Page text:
Since all Preuss students must take at least six AP exams, it is no surprise that the school did so well on this list. But given the students' backgrounds, the achievement of the vision of those disgruntled UCSD professors, and Doris Alvarez, the star principal hired to run the school, is still remarkable. It is an iron rule of education that low-income students invariably score poorly on average on standardized tests. Preuss is the only school on the list where every single student is classified low-income, and yet it is also one of the few schools in which every graduating student has gotten at least one passing grade on one AP test.
There are many other surprising schools on the list this year. Morrisville-Eaton Middle/High School in rural Morrisville, N.Y., had only 84 graduating seniors in 2006, but it gave 102 AP tests, including U.S. history, chemistry, English literature, calculus, U.S. government and politics, and physics. The 33-year-old principal, Jon Bryant, said he decided to give his students more of a challenge after asking colleges three years ago why some of the school's honor students were not being admitted. "The answer was simple," he said. "We needed to add courses that would show that our students were prepared to thrive in college, not just survive. . . . I have made a commitment to high academic rigor and will continue that throughout my career."
That is good news to many educators, including researchers at ACT Inc. who just issued a report, "Rigor at Risk," that reveals what most college professors have long known -- high school courses, even those labeled "honors" or "college prep," often demand little critical thinking or analysis, and yield good grades on the high school transcript for very little work. AP, IB and Cambridge courses, on the other hand, are not just college prep, but college courses. Students can earn college credit if they score high enough on the exams. And since the exams are written and graded by outside experts to match college standards, there is no way to dumb down the teaching of the course without being caught, as long as every student takes the exam.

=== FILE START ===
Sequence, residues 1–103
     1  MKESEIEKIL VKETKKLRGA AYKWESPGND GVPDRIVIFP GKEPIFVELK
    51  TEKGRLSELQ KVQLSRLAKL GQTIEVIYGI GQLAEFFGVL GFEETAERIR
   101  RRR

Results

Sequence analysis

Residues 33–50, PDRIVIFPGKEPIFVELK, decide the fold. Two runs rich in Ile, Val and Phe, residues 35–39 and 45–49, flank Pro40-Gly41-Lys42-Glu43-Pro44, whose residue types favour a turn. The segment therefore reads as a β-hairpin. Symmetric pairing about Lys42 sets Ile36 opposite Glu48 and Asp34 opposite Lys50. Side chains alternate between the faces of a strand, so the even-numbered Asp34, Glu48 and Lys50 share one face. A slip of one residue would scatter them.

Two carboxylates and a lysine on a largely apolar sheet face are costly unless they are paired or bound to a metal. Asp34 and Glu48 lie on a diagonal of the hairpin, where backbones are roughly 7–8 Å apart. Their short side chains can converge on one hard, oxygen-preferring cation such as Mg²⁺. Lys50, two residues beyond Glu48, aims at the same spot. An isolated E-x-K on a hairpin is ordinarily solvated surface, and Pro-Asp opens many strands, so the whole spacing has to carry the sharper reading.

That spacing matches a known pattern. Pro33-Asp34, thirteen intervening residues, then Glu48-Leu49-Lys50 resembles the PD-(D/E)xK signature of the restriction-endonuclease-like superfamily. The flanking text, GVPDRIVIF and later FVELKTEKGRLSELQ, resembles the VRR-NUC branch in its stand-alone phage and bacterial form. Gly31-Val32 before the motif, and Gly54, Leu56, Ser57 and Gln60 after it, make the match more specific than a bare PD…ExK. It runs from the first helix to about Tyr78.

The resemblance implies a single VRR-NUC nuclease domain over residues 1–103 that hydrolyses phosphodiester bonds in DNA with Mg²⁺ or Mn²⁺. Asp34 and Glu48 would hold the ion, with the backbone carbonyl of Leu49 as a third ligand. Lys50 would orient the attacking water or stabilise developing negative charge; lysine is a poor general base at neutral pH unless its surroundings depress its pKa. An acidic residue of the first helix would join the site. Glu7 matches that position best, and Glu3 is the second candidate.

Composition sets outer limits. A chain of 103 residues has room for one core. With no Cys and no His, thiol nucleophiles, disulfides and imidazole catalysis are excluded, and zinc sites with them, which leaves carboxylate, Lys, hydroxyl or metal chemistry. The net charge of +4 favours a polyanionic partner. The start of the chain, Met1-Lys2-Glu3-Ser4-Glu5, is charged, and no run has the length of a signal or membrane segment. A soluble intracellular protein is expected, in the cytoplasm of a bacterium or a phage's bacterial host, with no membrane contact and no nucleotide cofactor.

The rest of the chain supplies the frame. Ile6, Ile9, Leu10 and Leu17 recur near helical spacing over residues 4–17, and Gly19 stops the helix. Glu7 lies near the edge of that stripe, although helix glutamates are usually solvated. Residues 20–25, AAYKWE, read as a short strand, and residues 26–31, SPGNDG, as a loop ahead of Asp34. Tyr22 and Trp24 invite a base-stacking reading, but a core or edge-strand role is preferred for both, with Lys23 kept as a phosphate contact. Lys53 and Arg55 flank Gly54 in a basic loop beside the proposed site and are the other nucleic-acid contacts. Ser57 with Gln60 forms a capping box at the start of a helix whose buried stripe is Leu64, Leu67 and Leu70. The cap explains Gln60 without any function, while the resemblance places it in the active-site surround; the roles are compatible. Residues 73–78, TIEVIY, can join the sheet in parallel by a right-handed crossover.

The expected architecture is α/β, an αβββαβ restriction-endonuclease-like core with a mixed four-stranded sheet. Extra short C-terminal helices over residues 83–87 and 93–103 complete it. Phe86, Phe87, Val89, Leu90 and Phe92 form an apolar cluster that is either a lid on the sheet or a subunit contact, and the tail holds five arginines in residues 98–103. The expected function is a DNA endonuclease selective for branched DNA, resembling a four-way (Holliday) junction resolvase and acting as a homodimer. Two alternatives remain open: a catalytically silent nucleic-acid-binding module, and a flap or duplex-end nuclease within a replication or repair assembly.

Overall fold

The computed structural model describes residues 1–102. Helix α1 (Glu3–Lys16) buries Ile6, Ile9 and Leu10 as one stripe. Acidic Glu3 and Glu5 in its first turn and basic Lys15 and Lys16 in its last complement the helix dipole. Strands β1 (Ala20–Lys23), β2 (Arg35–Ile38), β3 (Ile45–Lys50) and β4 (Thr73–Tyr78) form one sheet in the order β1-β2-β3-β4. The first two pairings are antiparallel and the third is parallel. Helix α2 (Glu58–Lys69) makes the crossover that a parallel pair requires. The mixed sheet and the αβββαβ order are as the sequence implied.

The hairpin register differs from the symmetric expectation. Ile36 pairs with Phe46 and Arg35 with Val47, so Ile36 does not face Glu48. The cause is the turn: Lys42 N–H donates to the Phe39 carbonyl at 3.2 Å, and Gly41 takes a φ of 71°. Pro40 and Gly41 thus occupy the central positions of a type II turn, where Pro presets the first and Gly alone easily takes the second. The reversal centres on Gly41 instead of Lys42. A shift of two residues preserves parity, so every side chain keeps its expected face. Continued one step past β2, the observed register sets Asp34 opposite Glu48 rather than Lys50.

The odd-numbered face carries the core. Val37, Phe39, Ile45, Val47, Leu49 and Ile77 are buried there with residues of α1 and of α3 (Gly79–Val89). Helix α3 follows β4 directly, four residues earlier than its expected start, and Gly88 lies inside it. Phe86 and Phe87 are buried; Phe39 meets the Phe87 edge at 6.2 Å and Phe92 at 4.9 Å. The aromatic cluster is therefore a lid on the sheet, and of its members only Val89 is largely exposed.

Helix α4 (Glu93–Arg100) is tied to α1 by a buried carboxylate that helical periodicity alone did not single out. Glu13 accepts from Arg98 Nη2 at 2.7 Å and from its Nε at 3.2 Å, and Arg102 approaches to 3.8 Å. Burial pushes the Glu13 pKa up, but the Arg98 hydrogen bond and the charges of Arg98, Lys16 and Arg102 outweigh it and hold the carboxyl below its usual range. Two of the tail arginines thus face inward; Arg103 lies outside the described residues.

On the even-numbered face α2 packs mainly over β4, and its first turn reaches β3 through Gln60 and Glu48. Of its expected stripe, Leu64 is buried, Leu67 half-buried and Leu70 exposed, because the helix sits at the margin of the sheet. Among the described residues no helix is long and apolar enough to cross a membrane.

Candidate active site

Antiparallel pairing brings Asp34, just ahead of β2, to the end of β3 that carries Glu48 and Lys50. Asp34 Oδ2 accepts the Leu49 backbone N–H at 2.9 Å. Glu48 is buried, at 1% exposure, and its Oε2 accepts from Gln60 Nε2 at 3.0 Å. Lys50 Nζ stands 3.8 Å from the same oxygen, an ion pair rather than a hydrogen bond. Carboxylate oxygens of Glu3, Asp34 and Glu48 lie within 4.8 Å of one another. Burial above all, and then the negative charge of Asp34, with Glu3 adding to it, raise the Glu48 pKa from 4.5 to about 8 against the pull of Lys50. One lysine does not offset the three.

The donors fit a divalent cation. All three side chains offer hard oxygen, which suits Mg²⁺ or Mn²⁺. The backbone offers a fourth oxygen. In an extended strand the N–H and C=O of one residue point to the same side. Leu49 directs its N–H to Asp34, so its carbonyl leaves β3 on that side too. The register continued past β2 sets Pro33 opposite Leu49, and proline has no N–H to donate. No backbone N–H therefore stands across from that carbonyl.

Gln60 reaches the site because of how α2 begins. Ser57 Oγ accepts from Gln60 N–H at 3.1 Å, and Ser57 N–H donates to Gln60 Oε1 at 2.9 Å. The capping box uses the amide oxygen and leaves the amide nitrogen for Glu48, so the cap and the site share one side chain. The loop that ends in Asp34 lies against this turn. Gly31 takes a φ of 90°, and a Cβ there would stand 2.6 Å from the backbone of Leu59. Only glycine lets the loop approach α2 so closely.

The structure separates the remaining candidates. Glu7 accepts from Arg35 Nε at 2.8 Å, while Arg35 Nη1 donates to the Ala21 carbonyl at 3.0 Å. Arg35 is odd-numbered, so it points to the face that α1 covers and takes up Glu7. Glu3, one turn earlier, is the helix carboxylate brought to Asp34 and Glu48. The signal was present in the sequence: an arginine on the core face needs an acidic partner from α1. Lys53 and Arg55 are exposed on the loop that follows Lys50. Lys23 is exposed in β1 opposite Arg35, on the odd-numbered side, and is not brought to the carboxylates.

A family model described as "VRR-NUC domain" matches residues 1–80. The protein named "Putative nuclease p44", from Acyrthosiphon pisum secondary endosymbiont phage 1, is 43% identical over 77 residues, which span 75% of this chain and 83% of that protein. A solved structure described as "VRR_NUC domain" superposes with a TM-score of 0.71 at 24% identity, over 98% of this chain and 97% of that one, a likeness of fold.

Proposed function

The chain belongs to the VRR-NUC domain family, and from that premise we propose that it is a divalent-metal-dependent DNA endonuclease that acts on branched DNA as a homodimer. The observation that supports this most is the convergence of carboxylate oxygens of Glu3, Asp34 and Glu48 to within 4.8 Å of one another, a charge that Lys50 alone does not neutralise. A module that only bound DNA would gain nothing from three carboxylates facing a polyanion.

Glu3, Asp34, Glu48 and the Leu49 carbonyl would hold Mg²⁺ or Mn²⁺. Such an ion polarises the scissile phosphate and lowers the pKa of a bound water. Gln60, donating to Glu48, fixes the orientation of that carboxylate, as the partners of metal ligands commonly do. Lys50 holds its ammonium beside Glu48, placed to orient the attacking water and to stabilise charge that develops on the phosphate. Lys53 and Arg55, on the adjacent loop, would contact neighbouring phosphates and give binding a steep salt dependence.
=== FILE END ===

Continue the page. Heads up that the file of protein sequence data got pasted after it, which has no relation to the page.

Several other AP and IB principals and teachers who, like Bryant, decided to set a high standards and stick with it, even with low-income students, are profiled in one of the articles accompanying the Newsweek list. They include Chris Barbic at YES Prep in Houston; Doris Jackson at Wakefield High School in Arlington, Va.; Al Penna at Binghamton High School in Binghamton, N.Y.; and Roy Sunada at Marshall Fundamental High School in Pasadena, Calif.